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Public Housing Environmental & Conservation Clearinghouse

Utility Benchmarking Tool

A benchmark is a standard by which something can be measured or judged. Building utility benchmarking is the comparison of one building's utility use to the utility use of similar buildings. Just as gauges in a river tell you if the water is higher or lower than normal, building utility benchmarking tools tell you if your building is performing more or less efficiently than is usual for similar buildings.

Building utility benchmarking is a very useful starting point for PHAs to target energy- and water-savings opportunities and can help with a PHA's overall asset management strategy. Knowing where your buildings rank compared to other similar buildings is the first step toward improving utility efficiency and the overall financial performance of properties.

If your building scores low, that building appears to use more energy than it should, and if it scores high it is probably relatively efficient. Once you have used the benchmarking tools to score your buildings you can target low scoring buildings to see how they can be made more efficient. Low scoring buildings have the most room for improvement. Generally, if your building scores 60 or less, there is lots of potential for cost effective utility-saving upgrades.

Analysis beyond simple benchmarking-usually some type of energy audit-will be needed to identify the causes of low benchmark scores.

Energy and Water Benchmarking Tools for Public Housing

The Office of Public and Indian Housing (PIH) has developed preliminary, easy-to-use energy consumption (MS-Excel, 769 KB) and water consumption (MS-Excel, 724 KB) benchmarking tools that are applicable for all residential buildings throughout the entire U.S. public housing stock: multifamily elevator, multifamily walk-up, rowhouse/townhouse, semi-detached and single family residences.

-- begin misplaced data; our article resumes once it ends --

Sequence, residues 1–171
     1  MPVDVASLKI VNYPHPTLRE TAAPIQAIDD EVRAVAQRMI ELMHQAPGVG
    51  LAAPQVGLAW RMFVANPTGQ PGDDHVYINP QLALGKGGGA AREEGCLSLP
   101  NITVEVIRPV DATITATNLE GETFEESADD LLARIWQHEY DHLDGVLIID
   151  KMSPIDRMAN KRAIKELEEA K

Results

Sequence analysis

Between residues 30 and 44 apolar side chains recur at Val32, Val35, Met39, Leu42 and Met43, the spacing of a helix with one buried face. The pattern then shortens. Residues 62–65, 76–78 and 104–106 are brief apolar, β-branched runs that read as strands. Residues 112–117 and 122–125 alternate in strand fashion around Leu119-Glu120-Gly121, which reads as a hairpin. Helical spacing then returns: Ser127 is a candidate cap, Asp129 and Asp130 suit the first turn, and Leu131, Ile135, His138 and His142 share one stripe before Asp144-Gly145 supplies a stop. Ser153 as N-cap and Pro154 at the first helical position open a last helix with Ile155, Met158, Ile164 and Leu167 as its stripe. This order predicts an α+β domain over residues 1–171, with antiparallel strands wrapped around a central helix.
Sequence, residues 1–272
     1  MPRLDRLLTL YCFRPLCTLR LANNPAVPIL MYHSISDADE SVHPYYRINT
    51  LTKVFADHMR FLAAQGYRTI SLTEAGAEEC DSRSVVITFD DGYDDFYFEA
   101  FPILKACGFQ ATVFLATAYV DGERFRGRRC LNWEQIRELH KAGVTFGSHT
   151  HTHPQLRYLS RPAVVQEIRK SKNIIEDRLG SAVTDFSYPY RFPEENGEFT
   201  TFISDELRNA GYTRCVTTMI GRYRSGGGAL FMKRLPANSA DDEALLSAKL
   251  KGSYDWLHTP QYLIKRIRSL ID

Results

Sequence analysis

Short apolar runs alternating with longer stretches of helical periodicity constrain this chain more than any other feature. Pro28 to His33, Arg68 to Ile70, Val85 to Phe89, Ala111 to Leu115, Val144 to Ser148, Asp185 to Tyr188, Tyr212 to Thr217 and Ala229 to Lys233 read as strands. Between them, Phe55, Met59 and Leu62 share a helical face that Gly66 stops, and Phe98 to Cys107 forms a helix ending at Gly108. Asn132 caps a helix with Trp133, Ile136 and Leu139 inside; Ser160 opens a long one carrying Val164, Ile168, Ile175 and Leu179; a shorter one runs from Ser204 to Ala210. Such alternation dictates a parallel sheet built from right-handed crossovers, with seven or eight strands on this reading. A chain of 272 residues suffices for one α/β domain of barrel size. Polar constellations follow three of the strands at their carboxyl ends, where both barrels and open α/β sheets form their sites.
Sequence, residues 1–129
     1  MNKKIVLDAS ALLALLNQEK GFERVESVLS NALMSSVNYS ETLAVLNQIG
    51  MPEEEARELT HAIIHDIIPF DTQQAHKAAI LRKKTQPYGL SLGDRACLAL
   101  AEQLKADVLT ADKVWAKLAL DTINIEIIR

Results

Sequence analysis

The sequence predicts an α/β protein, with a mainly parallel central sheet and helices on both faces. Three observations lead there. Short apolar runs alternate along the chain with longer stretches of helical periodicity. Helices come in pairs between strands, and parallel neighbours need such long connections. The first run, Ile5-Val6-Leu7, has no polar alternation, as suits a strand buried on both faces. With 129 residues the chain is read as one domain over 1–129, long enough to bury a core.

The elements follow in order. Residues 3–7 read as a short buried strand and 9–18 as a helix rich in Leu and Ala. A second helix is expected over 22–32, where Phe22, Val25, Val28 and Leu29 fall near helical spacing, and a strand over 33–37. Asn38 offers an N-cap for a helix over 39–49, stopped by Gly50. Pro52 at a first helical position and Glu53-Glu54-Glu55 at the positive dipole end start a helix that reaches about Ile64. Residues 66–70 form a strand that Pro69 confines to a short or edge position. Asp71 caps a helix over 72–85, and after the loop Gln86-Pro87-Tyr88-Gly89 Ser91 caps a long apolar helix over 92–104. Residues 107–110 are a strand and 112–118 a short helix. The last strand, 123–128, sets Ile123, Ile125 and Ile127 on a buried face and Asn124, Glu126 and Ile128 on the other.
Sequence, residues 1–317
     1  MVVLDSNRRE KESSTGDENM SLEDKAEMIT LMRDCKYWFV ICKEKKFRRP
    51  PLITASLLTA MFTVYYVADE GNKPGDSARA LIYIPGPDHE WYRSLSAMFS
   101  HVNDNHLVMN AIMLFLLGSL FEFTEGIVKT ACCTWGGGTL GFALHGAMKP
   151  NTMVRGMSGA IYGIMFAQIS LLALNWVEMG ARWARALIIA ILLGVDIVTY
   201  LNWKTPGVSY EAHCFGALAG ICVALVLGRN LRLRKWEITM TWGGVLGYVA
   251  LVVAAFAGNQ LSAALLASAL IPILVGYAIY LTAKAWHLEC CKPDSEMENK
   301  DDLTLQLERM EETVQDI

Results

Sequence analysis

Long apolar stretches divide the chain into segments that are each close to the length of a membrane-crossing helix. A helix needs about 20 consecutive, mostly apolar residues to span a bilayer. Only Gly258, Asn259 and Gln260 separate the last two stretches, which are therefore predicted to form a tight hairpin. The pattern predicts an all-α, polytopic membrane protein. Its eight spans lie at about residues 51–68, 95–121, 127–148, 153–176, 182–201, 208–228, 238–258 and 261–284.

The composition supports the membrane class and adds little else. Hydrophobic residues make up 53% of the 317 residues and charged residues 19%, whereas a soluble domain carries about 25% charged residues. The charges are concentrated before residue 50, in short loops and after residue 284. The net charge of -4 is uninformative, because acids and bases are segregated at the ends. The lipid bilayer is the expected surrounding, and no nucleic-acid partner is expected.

Each tool requires a few inputs in order to provide a building's (or development's) energy or water consumption benchmark. Each tool is self-explanatory or you can follow these simple instructions for the energy tool (MS-Excel, 769 KB) or the water tool (MS-Excel, 724 KB).

***Warning: These are whole-building benchmarking tools so for energy benchmarking, electricity AND heating fuel (if the building is not all electric) must be entered. Otherwise the score will be artificially high. Similarly, if residents pay all or part of the utilities, you must include their usage, in the "Annual Consumption" inputs in order to get an accurate benchmarking score.

How the Energy and Water Benchmarking Tools Were Developed

Energy and water consumption data were voluntarily submitted for over 9,100 buildings by almost 350 PHAs nationwide. Regression analyses were performed on the datasets to see which of over 30 characteristics (e.g., building size, unit size, climate, building age, laundry type, parking, utility prices) were most closely linked to energy and water use. The benchmarking models were then developed by correlating the dominant and most common building characteristics to building energy and water consumption. The draft report (MS-Word 3,148KB) contains the details of this study.

Regression model-based benchmarking is not a perfect science. While the benchmarking score is a good indication of where your building stands, it is likely that some buildings, due to their unique characteristics, will be more or less efficient than their benchmark score would indicate.